Rock On The River capitalizes with country music in ‘pivotal year’

Country star Tim Hicks engages with the crowd on Friday during Rock On The River at the Mountjoy Historical Conservation Area. While rock remains the focal point of the musical festival, country music was a welcomed addition for many attendees.

JORDAN HORROBIN/THE DAILY PRESS

Dane and Carly Freake did not attend Rock On The River in any of its first three years. But when they heard country star Tim Hicks was in this year’s lineup, they bought tickets as soon as they could.

On Friday, they stood front row in the VIP section at the Mountjoy Historical Conservation Area (Participark) to watch Hicks’ 13-song set, singing a healthy majority of the words along the way.

“I mean, when else are you going to see someone like that in our hometown?” Carly said.

The answer is, well, never. Rock On The River, which took place Friday and Saturday at the Participark, is a music lover’s best bet to find big-name artists – especially now that mega-festival Stars and Thunder flamed out after two years.

While Rock On The River remains true to its rock-n-roll roots, there is ample opportunity to grow the event by dipping into other genres and appealing to a broader audience. Organizers heard such requests from residents, which is why a few country artists were added this year for the first time.

Roughly 3,500 tickets were sold, according to TFEC chair John Olavesen, making this Rock On The River the biggest one yet.JORDAN HORROBIN/THE DAILY PRESS

The injection of country music was strategic, as the three selected artists– Maddie Storvold, The Road Hammers and Tim Hicks – were given the three earliest timeslots on the main stage Friday evening.

Tim Hicks, a pseudo-headliner, was finished by 8:45 – a full two hours before the night’s actual headliner, the Sheepdogs, began. The reason, according to Timmins Festivals and Events Committee (TFEC) chair John Olavesen, was to see if country fans cared enough to show up a little early.

“We were getting a lot of requests for country,” Olavesen said. “So that’s why we thought we’d try it out early on Friday and this way we’re able to determine by the crowds if it’s a success or not.”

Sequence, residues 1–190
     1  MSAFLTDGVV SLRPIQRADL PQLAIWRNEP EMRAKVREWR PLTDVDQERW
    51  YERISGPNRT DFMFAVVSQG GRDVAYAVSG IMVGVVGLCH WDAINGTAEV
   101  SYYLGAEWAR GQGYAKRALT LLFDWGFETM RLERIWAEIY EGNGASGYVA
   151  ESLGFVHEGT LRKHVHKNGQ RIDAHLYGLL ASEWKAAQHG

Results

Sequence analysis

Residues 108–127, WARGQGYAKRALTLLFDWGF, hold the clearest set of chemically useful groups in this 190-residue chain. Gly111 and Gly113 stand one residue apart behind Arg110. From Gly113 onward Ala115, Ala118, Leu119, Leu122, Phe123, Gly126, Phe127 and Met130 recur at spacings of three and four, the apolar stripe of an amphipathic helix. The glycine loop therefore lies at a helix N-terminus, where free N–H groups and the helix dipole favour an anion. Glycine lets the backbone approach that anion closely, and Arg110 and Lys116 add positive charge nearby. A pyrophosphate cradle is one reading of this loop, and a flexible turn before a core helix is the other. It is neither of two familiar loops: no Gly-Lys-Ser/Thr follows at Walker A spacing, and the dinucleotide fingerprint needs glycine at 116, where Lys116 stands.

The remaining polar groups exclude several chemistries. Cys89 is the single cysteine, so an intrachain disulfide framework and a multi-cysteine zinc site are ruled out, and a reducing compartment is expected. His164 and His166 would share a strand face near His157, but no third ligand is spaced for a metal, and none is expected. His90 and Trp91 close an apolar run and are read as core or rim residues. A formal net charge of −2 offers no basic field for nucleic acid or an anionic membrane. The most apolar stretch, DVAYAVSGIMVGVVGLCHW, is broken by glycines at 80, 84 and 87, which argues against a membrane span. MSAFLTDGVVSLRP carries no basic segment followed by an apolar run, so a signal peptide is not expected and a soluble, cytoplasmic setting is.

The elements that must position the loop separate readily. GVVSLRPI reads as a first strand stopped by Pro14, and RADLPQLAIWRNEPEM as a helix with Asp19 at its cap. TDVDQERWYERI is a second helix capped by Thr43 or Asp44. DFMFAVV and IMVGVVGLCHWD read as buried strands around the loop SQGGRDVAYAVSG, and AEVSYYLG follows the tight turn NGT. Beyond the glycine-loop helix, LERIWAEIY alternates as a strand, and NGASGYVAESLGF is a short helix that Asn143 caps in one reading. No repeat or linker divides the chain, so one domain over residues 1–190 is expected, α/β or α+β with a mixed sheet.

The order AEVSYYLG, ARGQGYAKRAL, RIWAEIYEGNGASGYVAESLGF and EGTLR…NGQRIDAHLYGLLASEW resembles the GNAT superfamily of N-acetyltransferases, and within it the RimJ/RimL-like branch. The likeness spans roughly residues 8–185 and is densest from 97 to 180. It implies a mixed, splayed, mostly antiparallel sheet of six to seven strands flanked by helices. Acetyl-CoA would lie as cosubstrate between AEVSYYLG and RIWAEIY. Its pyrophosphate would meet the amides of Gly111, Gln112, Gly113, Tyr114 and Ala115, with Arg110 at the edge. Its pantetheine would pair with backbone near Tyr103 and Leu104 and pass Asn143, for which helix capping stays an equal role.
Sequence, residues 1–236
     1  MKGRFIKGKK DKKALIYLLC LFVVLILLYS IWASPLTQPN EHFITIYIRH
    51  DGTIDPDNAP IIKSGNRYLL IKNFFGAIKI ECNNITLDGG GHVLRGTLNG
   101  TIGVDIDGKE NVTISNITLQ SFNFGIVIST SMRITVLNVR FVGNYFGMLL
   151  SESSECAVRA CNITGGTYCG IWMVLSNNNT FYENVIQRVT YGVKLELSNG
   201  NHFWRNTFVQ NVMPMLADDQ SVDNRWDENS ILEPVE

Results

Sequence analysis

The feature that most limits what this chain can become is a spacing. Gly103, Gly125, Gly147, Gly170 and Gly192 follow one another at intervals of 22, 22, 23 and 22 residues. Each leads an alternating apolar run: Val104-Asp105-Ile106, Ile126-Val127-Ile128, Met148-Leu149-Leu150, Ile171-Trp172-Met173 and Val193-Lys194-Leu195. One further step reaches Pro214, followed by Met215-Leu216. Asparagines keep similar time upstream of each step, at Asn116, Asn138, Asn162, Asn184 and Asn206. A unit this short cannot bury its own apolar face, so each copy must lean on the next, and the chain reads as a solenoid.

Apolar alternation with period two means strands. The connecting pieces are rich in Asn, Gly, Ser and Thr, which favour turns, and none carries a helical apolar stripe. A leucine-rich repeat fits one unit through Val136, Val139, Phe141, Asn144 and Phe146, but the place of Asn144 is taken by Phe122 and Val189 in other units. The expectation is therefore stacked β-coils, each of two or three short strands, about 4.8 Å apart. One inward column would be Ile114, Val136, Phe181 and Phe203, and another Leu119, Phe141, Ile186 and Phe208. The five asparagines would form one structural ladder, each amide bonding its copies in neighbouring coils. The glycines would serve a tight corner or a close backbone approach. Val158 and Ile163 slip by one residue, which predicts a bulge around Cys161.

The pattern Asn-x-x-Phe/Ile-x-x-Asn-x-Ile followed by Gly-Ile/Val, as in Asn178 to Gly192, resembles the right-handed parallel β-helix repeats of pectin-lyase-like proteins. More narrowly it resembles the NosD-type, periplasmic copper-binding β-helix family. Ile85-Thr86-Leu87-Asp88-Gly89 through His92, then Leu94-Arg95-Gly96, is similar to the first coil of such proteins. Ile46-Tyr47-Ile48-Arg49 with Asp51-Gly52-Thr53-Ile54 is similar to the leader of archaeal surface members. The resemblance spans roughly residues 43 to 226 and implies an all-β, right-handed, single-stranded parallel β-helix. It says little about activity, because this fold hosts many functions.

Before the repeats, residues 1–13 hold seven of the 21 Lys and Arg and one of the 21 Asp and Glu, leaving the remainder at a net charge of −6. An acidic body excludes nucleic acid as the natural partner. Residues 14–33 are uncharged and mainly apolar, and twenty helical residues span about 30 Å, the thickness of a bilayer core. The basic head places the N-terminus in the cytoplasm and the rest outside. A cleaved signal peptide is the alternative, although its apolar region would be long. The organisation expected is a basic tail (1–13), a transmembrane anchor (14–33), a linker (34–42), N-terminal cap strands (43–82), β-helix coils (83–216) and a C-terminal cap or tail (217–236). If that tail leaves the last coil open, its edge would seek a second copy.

It sure looked like a success, with well over a thousand fans of all ages packed against the metal fences to watch Hicks, a St. Catharines native. He wore a faded black t-shirt, a black ball cap and ripped jeans during his high-energy set, which was heavy on electric guitar and light on twang.

“The number one thing I hear from people who aren’t country fans is, they say, ‘Tim Hicks, I’m not a fan of country but you’re alright,’” Hicks said with a laugh before his show.

In a way, that made him the ideal element for Rock On The River’s country music litmus test. His musical influences growing up ranged from Blue Rodeo to AC/DC. Then again, he does sing about trucks, stronger beer and greasy John Deere caps, too.

After Hicks – and to no one’s surprise – the crowd size, energy and excitement grew in a way that showed why rock music remains the focal point of the event (it’s in the festival name, after all).

Tyler Connolly, lead singer of Theory, performs the headline set Saturday night.JORDAN HORROBIN/THE DAILY PRESS

On Friday, The Trews played a versatile set that included a surprise cover of the Beastie Boys’ Sabotage, while The Sheepdogs’ lead guitarist Jimmy Bowskill shredded solos with such flair they looked like out-of-body experiences. On Saturday, Red Sun Rising lead singer Mike Protich delivered exceptional vocals (and perhaps the best set of the weekend), while Theory ended the night with a slew of old radio hits.

But by adding country music, TFEC appeased a new group of fans who helped make this year’s Rock On The River the biggest yet in terms of ticket sales (roughly 3,500 total) and corporate sponsorship.

That bodes well for the direction Olavesen hopes the festival will continue trending ahead of next year’s five-year anniversary, whether that means adding a third day, expanding the country music selection, pursuing bigger names or otherwise.

“I know TFEC had a five-year plan, where we wanted to really, that fifth year everyone wanted to really step it up,” he said. “This year’s going to be a really pivotal year to see how big that fifth year will be.”

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